Schizoaffective disorder: A review

BACKGROUND: Schizoaffective disorder (SAD) is a chronic, potentially disabling psychotic disorder common in clinical settings. SAD often has been used as a diagnosis for individuals having an admixture of mood and psychotic symptoms whose diagnosis is uncertain. Its hallmark is the presence of symptoms of a major mood episode (either a depressive or manic episode) concurrent with symptoms characteristic of schizophrenia, such as delusions, hallucinations, or disorganized speech.

METHODS: A literature search in PubMed and Google Scholar was conducted to identify articles on SAD. We also reviewed major textbooks and DSM-5 to identify pertinent information.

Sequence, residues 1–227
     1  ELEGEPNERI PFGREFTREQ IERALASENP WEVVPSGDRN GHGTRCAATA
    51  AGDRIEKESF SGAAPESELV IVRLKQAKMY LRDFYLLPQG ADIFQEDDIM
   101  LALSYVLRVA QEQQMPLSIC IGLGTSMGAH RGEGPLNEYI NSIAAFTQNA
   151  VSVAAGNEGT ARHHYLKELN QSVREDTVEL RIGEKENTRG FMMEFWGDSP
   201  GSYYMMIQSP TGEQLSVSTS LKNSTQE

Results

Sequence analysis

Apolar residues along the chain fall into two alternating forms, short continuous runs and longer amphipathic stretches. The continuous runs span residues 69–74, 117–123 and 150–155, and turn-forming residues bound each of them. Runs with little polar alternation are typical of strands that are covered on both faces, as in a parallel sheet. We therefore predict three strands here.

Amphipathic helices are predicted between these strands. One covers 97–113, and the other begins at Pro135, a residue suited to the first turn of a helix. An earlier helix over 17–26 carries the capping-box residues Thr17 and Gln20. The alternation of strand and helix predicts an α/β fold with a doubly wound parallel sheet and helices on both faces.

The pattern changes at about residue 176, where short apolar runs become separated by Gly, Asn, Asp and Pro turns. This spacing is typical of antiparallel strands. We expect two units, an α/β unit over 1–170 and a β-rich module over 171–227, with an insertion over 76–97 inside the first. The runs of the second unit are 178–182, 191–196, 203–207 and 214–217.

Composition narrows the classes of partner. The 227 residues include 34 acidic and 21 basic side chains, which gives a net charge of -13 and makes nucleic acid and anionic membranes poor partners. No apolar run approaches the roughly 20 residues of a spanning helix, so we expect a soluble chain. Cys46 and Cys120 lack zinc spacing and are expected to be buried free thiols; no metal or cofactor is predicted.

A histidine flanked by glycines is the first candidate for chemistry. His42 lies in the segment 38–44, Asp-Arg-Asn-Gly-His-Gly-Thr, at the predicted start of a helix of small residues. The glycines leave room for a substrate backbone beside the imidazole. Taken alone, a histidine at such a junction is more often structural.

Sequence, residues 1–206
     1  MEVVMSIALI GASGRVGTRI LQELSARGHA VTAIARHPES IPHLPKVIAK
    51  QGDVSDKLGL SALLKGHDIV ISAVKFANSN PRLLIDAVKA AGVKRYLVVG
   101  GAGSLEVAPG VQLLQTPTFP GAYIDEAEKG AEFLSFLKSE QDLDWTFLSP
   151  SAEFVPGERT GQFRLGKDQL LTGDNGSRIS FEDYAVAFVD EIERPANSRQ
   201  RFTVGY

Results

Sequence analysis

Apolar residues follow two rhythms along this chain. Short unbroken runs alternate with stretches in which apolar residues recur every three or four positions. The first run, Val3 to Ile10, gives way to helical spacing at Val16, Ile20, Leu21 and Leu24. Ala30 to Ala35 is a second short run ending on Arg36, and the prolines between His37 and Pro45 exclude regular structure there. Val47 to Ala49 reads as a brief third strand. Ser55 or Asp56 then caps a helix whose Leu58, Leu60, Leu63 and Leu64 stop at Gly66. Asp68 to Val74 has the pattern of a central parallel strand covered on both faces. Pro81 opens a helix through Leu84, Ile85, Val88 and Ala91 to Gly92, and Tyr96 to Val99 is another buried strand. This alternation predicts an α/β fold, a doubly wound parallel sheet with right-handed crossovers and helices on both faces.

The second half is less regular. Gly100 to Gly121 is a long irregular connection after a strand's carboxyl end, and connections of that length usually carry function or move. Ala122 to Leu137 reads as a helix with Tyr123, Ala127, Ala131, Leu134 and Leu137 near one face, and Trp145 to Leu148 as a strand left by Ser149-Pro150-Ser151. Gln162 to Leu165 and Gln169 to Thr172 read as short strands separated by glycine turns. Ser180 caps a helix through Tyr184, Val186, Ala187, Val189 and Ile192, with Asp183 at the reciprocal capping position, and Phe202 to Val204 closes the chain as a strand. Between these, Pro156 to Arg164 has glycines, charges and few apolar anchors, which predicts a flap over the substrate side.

RESULTS: This review begins with the history and classification of SAD. Debate continues to swirl around the concept, as some experts view SAD as an independent disorder, while others see SAD as either a form of schizophrenia or a mood disorder. The disorder is more common in women and its course follows the middle ground between schizophrenia and bipolar disorder. SAD appears to have high heritability. Most patients appear to benefit from antipsychotics plus antidepressants and/or mood stabilizers, depending on whether the patient has the depressive or bipolar subtype. Electroconvulsive therapy can also be effective.

CONCLUSIONS: SAD is a chronic psychotic disorder that continues to be controversial. There has been inadequate research regarding its epidemiology, course, etiologic factors, and treatment.

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